If you're a judo player and at all interested in horror films, investing or just want to tell people that you financed a movie, you should take a look at Brian's current project. It's a little different than the crowdfunding model my company has used, where we pre-sell games and if we get enough backers, you get a game, a poster or some other product. Crowd equity allows you to invest in the production, so if you invest $100 in his fund and the films they make end up making 20% profit, you get $120 back.

Seriously, if just everyone he competed against invested $100 in this project it would be funded today and I know most of you people are in your 50s and 60s by now. You have to have $100 saved up and your life isn't THAT exciting (oh, hush up, I know you people) that you wouldn't like the chance to be part of producing and financing movies. Maybe you'll make a few bucks. Who knows?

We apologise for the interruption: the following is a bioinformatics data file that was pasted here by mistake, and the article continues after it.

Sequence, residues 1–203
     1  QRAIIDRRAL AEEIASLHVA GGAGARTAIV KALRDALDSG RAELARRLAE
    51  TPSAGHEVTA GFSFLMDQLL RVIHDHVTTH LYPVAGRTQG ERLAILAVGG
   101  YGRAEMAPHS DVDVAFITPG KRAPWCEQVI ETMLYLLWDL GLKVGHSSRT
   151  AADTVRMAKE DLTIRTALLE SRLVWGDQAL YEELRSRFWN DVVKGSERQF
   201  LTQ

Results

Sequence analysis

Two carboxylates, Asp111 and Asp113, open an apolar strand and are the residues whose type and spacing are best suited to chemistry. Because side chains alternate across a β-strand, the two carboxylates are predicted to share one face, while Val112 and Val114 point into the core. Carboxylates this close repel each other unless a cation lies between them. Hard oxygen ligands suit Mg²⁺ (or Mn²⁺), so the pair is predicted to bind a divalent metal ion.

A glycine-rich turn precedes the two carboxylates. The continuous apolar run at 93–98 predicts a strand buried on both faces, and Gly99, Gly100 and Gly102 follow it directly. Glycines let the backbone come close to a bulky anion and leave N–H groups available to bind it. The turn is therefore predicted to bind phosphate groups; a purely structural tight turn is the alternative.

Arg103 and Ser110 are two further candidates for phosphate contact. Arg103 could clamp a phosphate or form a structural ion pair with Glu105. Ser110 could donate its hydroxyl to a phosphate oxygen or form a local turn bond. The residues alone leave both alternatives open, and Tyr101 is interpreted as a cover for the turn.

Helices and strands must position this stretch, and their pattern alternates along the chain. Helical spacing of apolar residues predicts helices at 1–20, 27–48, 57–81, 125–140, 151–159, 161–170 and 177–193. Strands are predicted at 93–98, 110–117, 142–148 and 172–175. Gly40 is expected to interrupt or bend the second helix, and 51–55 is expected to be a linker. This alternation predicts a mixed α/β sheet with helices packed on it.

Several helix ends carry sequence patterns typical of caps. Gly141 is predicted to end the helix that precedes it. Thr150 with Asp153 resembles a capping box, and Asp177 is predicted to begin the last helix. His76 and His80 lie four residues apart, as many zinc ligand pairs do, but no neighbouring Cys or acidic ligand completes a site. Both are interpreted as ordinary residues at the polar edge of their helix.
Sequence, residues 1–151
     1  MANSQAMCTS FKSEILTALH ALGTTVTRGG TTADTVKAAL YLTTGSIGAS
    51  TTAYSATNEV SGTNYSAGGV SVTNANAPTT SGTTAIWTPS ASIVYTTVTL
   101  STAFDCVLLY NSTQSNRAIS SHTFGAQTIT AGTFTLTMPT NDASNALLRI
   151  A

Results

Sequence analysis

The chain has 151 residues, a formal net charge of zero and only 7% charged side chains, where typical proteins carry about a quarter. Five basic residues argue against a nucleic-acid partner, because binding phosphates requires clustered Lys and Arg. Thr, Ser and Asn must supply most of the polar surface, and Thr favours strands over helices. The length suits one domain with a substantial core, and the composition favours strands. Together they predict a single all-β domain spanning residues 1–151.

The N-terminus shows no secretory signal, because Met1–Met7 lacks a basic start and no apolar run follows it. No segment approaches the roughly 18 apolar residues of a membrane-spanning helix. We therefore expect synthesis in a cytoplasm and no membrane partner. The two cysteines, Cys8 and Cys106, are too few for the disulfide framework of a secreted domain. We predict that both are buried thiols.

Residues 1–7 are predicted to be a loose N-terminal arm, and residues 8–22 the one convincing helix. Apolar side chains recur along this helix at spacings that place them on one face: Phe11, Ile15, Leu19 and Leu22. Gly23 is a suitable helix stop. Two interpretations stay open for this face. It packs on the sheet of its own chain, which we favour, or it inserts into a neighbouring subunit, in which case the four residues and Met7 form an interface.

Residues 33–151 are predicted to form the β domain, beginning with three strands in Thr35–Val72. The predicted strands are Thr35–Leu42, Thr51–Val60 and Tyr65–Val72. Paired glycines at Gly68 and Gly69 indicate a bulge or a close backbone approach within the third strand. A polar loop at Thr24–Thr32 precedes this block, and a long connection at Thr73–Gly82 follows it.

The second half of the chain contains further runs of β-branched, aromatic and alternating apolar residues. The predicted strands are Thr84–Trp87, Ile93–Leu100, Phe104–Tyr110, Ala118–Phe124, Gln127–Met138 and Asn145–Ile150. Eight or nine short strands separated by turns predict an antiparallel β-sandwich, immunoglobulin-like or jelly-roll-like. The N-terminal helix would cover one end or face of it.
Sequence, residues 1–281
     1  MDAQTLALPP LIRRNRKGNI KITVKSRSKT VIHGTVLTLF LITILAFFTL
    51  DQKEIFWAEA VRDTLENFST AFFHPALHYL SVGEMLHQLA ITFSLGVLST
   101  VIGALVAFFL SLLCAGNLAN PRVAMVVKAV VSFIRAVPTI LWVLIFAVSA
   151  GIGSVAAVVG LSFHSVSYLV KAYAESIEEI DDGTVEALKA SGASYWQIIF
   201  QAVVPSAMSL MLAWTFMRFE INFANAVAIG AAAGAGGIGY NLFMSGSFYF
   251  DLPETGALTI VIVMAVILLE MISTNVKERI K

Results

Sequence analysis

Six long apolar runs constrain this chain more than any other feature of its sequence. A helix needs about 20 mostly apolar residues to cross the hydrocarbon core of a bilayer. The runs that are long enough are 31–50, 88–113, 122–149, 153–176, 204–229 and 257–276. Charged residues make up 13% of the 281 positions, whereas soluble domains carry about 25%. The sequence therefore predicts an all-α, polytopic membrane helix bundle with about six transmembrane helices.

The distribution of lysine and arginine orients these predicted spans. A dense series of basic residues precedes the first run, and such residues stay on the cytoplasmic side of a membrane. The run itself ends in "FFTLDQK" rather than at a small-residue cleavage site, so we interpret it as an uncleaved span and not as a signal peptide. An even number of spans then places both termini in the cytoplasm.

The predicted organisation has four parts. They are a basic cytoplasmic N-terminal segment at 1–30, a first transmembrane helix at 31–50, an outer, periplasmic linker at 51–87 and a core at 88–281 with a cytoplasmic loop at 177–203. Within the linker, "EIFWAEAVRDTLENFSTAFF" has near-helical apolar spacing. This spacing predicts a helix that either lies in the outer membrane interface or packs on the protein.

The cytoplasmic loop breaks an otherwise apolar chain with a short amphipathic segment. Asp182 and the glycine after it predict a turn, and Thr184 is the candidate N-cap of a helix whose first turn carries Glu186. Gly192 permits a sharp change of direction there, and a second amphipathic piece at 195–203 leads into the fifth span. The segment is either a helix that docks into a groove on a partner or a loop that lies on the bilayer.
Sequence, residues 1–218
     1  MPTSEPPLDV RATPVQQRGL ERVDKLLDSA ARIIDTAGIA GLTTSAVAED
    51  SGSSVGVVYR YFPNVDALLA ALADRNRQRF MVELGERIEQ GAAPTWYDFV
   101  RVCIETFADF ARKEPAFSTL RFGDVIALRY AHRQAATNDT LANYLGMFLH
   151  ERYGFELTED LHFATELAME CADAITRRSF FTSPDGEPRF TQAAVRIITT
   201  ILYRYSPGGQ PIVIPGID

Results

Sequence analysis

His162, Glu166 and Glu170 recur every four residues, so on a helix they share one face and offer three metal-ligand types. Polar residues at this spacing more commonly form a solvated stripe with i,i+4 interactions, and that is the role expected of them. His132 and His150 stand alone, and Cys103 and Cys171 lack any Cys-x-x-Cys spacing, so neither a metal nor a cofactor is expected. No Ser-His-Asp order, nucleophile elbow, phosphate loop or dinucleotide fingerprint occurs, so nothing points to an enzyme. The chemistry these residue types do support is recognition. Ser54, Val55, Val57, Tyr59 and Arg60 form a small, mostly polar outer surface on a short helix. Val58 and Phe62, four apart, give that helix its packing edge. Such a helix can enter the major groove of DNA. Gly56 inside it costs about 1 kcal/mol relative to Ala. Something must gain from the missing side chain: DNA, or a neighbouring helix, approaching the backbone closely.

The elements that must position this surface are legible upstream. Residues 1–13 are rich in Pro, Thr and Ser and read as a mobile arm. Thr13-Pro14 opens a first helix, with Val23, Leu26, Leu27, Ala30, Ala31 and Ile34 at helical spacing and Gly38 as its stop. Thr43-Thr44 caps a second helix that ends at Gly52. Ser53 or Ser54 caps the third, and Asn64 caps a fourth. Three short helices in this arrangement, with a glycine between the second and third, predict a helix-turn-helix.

Back a fellow judoka!

I know from having done projects like this myself that the NUMBER of investors matters. If you can go to a meeting asking someone to invest $100,000 in your fund and say, "I had 450 people back us in a crowd equity campaign" that provides some evidence that you can generate interest in your project.

When we did our Kickstarter campaigns, I really appreciated the support I received from some of the people in the judo community. It's nice to know that people are still interested in you and what you are doing.

As for what the rest of the judo players from the 1970s and 1980s are doing - if you know, please post it in the comments. We all know I'm really nosy.